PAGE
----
Reviews - Specialty Releases


Film Review: Wake in Fright

Briefly released in the U.S. in 1972 as Outback, shorn of several minutes of violence and considered lost until 2002, Wake in Fright is the anti-Crocodile Dundee, a portrait of Australia as a drunken, violent, sexually perverse backwater as poisonous and relentlessly brutal as Sam Peckinpah's Straw Dogs.

Oct 4, 2012

-By Maitland McDonagh


filmjournal/photos/stylus/1364598-Wake_Fright_Md.jpg

For movie details, please click here.

John Grant (Gary Bond) has just graduated from university at government expense, which isn't to say his education was free; he's obligated to spend three years teaching in underserved outback communities or pay the full freight. Which is how he winds up condemned to a one-room schoolhouse in Tiboonda, an isolated inland hell of suffocating heat, dust and boredom where everything about the city-bred Grant—from his manners to his temperate drinking—is suspect. The prospect of spending his Christmas break back in Sydney is all that stands between Grant and the abyss.

The nearest airport is in Bundanyabba (closely modeled on the real-life mining town Broken Hill), a slightly larger hellhole where he'll have to spend the night before boarding his plane—a small price to pay for six weeks by the sea with his pretty girlfriend. But cruel fate has other plans.

Grant's descent into hell begins innocuously enough, just a cold beer at the local bar with friendly police constable Jock Crawford (Chips Rafferty), who—like everyone he meets—declares the Yabba "the best little town in the world." Crawford buys a round (or is it two?) and explains the rules of two-up, a deceptively simple, high-stakes variation on pitching pennies much loved by the locals. More than a little drunk—as much on the thought of winning enough to pay off his bond as beer—Grant gambles away all his cash and is forced to rely on the kindness of strangers.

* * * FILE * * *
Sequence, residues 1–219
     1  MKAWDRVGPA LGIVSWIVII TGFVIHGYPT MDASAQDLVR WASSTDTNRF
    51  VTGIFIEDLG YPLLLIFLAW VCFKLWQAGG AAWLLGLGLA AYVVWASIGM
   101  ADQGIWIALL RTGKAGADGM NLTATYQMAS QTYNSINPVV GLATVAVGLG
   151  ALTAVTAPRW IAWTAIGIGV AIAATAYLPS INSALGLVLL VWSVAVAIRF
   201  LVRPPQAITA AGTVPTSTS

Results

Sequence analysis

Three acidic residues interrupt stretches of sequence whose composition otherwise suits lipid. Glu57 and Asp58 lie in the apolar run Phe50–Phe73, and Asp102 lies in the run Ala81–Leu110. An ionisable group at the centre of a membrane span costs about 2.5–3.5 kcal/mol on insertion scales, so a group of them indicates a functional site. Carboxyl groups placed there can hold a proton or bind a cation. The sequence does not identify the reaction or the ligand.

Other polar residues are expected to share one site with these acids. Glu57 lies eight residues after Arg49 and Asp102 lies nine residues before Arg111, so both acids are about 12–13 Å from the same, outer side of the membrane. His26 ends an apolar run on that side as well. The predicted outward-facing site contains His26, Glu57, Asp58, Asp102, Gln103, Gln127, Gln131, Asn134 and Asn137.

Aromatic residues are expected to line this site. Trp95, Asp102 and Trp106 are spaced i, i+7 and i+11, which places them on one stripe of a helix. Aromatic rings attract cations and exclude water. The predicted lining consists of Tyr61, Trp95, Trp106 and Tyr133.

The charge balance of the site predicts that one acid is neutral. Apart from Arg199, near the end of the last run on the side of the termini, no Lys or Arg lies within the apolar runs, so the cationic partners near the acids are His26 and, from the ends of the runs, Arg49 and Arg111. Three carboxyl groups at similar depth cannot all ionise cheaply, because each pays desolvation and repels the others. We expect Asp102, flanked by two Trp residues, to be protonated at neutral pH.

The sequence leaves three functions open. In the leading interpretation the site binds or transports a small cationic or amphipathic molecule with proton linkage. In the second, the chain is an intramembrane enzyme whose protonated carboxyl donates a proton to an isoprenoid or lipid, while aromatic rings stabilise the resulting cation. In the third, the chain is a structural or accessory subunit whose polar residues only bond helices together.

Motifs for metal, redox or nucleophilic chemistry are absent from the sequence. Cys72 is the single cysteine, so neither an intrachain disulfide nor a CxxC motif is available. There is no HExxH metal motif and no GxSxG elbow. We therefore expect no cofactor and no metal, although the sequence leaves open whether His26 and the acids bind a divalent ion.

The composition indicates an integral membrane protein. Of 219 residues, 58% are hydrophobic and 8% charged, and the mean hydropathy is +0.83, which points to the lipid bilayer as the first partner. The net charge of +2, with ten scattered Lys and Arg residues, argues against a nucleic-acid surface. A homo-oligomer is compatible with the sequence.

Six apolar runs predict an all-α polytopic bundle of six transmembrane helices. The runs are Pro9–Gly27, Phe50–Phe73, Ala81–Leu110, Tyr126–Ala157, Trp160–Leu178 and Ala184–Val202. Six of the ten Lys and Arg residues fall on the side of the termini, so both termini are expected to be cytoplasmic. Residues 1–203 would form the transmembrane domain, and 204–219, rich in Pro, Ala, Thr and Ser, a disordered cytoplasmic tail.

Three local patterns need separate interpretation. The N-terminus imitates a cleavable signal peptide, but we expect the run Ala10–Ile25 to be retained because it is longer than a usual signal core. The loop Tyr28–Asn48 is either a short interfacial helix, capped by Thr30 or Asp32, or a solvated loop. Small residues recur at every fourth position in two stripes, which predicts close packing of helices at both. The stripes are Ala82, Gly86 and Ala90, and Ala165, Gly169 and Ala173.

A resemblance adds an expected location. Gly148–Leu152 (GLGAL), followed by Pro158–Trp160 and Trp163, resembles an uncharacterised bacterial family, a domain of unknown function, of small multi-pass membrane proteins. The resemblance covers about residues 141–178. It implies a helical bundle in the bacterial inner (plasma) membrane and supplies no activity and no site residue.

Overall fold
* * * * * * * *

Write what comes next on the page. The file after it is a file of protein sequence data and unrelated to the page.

And that's when he learns that superficially friendly though the Yabba may be, everything comes at a price: The desperate Janette (Sylvia Kay, director Ted Kotcheff’s then-wife) tries to seduce him, alcoholic hail-fellow-well-met “Doc” Tydon (Donald Pleasence)—the closest thing to a cultured man in town—bullies him into joining a brutal kangaroo hunt with pals Dick (Breaker Morant's Jack Thompson, in his feature debut) and Joe (Peter Whittle) and…well, let's just say it gets worse.

Canadian filmmaker Kotcheff’s checkered career has ranged from The Apprenticeship of Duddy Kravitz (1974) to North Dallas Forty (1979) and First Blood (1982, a better movie than it has any right to be), to the depths of corpse-bothering comedy Weekend at Bernie's (1989). Wake in Fright was nominated for the Palme d'Or at the 1971 Cannes Film Festival, championed by Martin Scorsese and praised by The New York Times' Roger Greenspun, neither a pushover nor an apologist for guilty pleasures. And then…nothing; it slipped off the radar, a ghost of a supposed lost classic represented by a handful of battered prints until its original editor and tireless champion, Anthony Buckley, unearthed a negative in a U.S. storage facility. Unlike many such "lost" treasures, Wake in Fright lives up to its nightmarish reputation, from its lacerating critique of the notion that masculinity is the reductive sum of misogyny, homophobia and reflexive cruelty to Donald Pleasence's performance as Doc, which is unforgettable in both the best and the worst sense of that word.


Film Review: Wake in Fright

Briefly released in the U.S. in 1972 as Outback, shorn of several minutes of violence and considered lost until 2002, Wake in Fright is the anti-Crocodile Dundee, a portrait of Australia as a drunken, violent, sexually perverse backwater as poisonous and relentlessly brutal as Sam Peckinpah's Straw Dogs.

Oct 4, 2012

-By Maitland McDonagh


filmjournal/photos/stylus/1364598-Wake_Fright_Md.jpg

For movie details, please click here.

John Grant (Gary Bond) has just graduated from university at government expense, which isn't to say his education was free; he's obligated to spend three years teaching in underserved outback communities or pay the full freight. Which is how he winds up condemned to a one-room schoolhouse in Tiboonda, an isolated inland hell of suffocating heat, dust and boredom where everything about the city-bred Grant—from his manners to his temperate drinking—is suspect. The prospect of spending his Christmas break back in Sydney is all that stands between Grant and the abyss.